Varsity Blues (1999) - Rotten Tomatoes

Varsity Blues1999

Varsity Blues (1999)



Critic Consensus: This is a predictable football movie that lacks intensity.

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Movie Info

In his 35th year as head coach, Bud Kilmer is trying to lead his West Canaan Coyotes to their 23rd division title. Uncompromising and omnipotent, Kilmer is deified in the small Texas town, as long as the team is winning. But when star quarterback Lance Harbor suffers a season-ending injury, the Coyotes are forced to regroup under the questionable leadership of second-string quarterback Jonathan Moxon. His irreverent attitude and approach to football come into direct conflict with the coach's inflexible game plan.

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James Van Der Beek
as Jonathan Moxon
Jon Voight
as Coach Bud Kilmer
Paul Walker
as Lance Harbor
Ron Lester
as Billy Bob
Scott Caan
as Tweeder
Richard Lineback
as Joe Harbor
Ali Larter
as Darcy Sears
Tiffany C. Love
as Collette Harbor
Amy Smart
as Julie Harbor
Thomas F. Duffy
as Sam Moxon
Joe Pichler
as Kyle Moxon
Tonie Perensky
as Miss Davis
Jesse Plemons
as Tommy Harbor
John Gatins
as Smiling Man
Marco Perella
as Dr. Benton
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Critic Reviews for Varsity Blues

All Critics (54) | Top Critics (13)

Varsity Blues eventually fizzles out badly!

January 1, 2000

Already a prime candidate for 1999's worst!

January 1, 2000

Tired, corn-fed storyline and generic, plug-and-play direction!

January 1, 2000

An unappetizing mix of raucously vulgar comedy and teen-angst melodrama.

January 1, 2000
Top Critic

Scenes work, but they don't pile up and build momentum.

January 1, 2000 | Rating: 2/4 | Full Review…

Although the film takes a worthwhile detour or two, it ultimately finds its way back to the well-worn track of its genre.

January 1, 2000 | Rating: 2.5/4 | Full Review…

Audience Reviews for Varsity Blues


A parody of a parody, "Varsity Blues" is recklessly crass, uneven in its portrayal of high school football, and overall a sexist, annoying cultural iconoclast. Every inch of this film would later be satirized in "Not Another Teen Movie" for good reason: the side characters are idiotic stereotypes, there's constant sexism and objectification of every single female character, it tries to blend humor and drama but is unsuccessful, and the ending is corny and over-the-top. Mox (Van Der Beek) is the only character who isn't a complete asshole, but he still objectifies his teacher, doesn't say much when his teammates are being offensively abused by their negligent coach, and he and his girlfriend never have a conversation longer than a couple of minutes. If you want to watch a film that handles the drama and socio-economic issues of high school football's reach in small town America, watch "Friday Night Lights." If you want to watch idiotic pandering to your lowest base desires, watch some soft-core porn. Otherwise there's really no reason for you to watch a film that has been done, and done better, a million times.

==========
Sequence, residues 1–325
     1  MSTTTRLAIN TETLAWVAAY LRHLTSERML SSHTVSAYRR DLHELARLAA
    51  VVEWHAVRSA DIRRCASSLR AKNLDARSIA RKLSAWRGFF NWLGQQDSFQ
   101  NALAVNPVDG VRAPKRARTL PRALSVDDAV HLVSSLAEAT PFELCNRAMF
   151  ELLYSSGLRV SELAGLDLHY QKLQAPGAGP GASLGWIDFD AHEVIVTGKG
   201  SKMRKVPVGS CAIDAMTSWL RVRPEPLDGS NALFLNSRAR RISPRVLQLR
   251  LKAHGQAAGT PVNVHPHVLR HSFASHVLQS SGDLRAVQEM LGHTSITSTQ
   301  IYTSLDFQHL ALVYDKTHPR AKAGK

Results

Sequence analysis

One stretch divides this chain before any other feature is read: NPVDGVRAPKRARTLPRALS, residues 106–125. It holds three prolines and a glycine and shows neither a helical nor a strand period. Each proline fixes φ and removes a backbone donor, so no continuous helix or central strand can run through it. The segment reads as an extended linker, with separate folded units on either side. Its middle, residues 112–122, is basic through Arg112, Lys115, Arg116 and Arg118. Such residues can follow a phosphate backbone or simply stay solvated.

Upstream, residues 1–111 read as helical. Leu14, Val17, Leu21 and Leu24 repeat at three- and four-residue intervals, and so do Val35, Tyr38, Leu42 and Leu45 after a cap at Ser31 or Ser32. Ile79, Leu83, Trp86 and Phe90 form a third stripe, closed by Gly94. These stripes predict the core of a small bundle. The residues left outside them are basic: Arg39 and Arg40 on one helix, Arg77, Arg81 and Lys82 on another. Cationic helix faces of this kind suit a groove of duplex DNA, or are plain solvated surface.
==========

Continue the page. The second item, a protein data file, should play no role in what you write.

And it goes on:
Spencer S.
Spencer S.

Super Reviewer


It may take a while to win you over, due to it's odd tonal shifts and it may be a little predictable, but every sports film has their predictability aspect to them, and I believe that "Varsity Blues" takes advantage of that in the right way. After the quarterback (Paul Walker) is injured, the second string must take over for the rest of the season to lead the team to victory. Sure it's an old tale in the world of sports, but when you have a likeable cast of characters, a fun script, and a soundtrack that will make you smile, there is not too much to complain about. What the film does lack is originality and the cheesy score did not help either, but hey that's the 90's for you. Make of this film what you will, because it will be deemed fun for some and bad for others. On my end of the spectrum, I had a blast watching it, there are some odd filmmaking techniques used, but it all comes down to the overall experience. "Varsity Blues" is a solid football film.

KJ Proulx
KJ Proulx

Super Reviewer

Imagine every football movie, throw in every cliché to the max, and you have this film, about a small Texas town obsessed with high school football and how the backup quarterback (James van der Beek) rises to fame after the starting quarterback (Paul Walker) goes down with an injury in large part to his egotistical coach's (Jon Voight) poor decision making. The characters are caricatures, not really well developed and overacted to the extreme, especially by Voight in a scene-chewing, though admittedly enjoyable, performance. Half of the actors look ten years out of high school but they are still playing high school students. You can pretty much call every scene in the movie from beginning to end, but for some odd reason, you still end up liking the ride for the most part. It's fluff entertainment that does not have any interest in being anything more than that, but as long as you are okay with that, it's an alright film.

Dan Schultz
Dan Schultz

Super Reviewer

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